A beautiful vista in the Sierra de las Cruces in Mexico and one of many areas in a major new study that will team scientists with Indigenous people to preserve and monitor the vegetation of their bio-rich ancestral lands and share knowledge with each other. The project is centered in the trans-Mexican volcanic belt surrounding the southern end of Mexico City. This area is a world heritage site for biodiversity and holds many endemic species such as an ancestral relative of corn and the endemic volcanic rabbit. It also is a critical region to provide ecosystem services to Mexico City such as clean water through natural vegetation. The project is sponsored by The Institute for Integrative Conservation (IIC) and has brought together W&M Sociology & Integrative Conservation (Dr. Fernando Galeana Rodriguez), Biology (Dr. Martha Case, Conservator of Botanical Collections), the Universidad Nacional Autónoma de México (UNAM), the Universidad Autónoma del Estado de México (UAEMéx), the local community of San Pablo Oztotepec, and William & Mary students in the IIC. Field work for the research was initiated this summer in Mexico. The William and Mary project support includes the Mary E. Ferguson Memorial Research Grant, the Charles Center Summer Grants program, the Baldwin-Speese Plant Conservation Grant, the William and Mary Herbarium, and IIC’s Conservation Research Program.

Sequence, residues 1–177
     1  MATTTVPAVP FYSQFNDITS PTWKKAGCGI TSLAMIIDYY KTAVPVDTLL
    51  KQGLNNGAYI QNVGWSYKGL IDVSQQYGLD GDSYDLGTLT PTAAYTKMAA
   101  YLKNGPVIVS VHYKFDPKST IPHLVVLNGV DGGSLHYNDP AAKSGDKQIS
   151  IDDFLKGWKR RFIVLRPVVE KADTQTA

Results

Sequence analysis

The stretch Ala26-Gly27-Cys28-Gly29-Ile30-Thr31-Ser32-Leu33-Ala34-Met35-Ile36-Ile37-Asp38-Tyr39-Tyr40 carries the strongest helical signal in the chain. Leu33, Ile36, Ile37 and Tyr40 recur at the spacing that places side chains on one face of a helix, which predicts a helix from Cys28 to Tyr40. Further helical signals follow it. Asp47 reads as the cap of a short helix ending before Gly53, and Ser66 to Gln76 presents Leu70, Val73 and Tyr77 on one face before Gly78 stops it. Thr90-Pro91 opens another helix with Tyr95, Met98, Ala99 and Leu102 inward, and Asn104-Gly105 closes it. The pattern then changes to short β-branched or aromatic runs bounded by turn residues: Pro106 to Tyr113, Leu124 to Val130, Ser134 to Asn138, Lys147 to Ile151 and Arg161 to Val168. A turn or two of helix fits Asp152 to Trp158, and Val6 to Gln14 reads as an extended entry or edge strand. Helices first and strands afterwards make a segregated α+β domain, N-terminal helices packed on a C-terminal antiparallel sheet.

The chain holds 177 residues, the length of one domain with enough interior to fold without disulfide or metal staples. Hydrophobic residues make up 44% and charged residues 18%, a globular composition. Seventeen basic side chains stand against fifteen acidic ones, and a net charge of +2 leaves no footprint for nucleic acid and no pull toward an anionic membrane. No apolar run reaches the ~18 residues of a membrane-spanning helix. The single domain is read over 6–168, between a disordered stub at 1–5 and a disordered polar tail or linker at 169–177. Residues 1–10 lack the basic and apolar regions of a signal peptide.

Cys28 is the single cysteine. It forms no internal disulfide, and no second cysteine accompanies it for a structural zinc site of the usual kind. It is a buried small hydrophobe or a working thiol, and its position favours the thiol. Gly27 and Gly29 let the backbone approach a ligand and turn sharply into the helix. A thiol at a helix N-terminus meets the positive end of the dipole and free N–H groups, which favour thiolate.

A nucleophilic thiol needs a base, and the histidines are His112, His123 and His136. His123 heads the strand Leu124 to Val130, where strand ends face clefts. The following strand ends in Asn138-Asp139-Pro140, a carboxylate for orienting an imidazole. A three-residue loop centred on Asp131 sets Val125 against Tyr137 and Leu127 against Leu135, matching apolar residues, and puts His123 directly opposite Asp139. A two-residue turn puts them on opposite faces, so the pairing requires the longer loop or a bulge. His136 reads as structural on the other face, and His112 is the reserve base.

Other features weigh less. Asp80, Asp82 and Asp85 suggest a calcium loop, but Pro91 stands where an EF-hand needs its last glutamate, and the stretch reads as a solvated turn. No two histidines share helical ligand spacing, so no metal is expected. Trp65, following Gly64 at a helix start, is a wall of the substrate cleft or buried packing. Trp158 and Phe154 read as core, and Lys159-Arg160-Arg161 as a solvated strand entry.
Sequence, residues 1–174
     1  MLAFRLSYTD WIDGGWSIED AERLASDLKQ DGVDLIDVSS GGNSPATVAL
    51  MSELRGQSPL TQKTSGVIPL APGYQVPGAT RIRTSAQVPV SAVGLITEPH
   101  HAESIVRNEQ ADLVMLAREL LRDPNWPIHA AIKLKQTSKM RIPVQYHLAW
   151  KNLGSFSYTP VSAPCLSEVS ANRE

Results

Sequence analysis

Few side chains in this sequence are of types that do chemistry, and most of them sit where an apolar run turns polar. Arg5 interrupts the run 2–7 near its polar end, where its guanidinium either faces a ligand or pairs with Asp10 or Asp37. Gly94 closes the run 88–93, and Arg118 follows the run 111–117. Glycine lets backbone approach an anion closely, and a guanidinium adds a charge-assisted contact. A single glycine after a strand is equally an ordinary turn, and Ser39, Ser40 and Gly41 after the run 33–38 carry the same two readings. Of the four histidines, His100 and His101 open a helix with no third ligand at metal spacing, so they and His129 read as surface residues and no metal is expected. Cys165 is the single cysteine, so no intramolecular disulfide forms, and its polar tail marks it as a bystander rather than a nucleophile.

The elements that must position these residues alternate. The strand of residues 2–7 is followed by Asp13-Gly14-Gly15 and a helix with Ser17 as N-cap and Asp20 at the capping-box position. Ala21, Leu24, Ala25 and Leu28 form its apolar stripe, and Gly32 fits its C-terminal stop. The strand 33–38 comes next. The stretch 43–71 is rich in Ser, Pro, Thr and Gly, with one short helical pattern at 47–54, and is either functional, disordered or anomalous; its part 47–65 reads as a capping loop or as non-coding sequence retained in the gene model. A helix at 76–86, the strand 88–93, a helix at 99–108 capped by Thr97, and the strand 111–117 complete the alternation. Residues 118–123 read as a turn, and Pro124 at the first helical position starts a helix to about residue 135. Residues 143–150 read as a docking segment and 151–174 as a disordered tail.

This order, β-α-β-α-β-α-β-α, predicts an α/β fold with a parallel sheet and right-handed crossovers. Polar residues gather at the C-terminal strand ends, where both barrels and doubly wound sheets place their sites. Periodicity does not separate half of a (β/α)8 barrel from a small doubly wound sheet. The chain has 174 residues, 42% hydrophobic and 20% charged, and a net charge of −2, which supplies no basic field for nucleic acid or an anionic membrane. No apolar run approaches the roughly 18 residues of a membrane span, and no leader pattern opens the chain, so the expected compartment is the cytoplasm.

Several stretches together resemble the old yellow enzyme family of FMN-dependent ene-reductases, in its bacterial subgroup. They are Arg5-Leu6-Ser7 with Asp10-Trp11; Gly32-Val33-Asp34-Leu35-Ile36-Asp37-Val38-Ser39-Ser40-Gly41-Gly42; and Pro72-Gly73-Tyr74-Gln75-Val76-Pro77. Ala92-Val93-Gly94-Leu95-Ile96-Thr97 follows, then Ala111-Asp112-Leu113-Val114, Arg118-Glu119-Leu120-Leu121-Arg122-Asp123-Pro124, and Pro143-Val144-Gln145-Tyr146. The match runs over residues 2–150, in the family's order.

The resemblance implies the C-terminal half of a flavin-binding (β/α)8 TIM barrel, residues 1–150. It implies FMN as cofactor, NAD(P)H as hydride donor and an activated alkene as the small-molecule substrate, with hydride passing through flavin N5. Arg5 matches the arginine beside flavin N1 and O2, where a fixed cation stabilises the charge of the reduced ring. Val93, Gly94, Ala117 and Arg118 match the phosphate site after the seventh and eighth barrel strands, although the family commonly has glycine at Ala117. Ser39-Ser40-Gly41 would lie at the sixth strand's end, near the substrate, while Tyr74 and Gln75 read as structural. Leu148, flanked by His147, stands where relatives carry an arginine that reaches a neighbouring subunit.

Project participants take a break to enjoy the wilderness and working together. Left to right: Dr. Fernando Galeana Rodriguez (IIC, Sociology), Gabriel Martínez Molina (Milpa Alta Biological Monitoring), Bibiana Mirones ’23 (W&M Interdisciplinary Studies), Jordan Bryant ’23 (W&M Biology), María Magdalena García Loaeza (Milpa Alta Biological Monitoring), and Dr. Victor Ávila Akerberg (ICAR-UAEM).
International teamwork. Jordan and Bibiana team up with Gabriel and María Magdalena to begin documentation of the plant life (left) and monitor the effects of reforestation in Pinus hartwegii (Mexican pine) habitat adjacent to the subalpine grassland (right). Jordan and Bibiana received intense training with Dr. Martha Case (advisor to the project) last year to familiarize themselves with the common Mexican flora of the region and the floristic literature. Serendipitously, the project is centered in the same region where Dr. Case’s Ph.D. advisor (Dr. John Beaman, Michigan State University) began his career; many of his research contributions are important for the current research.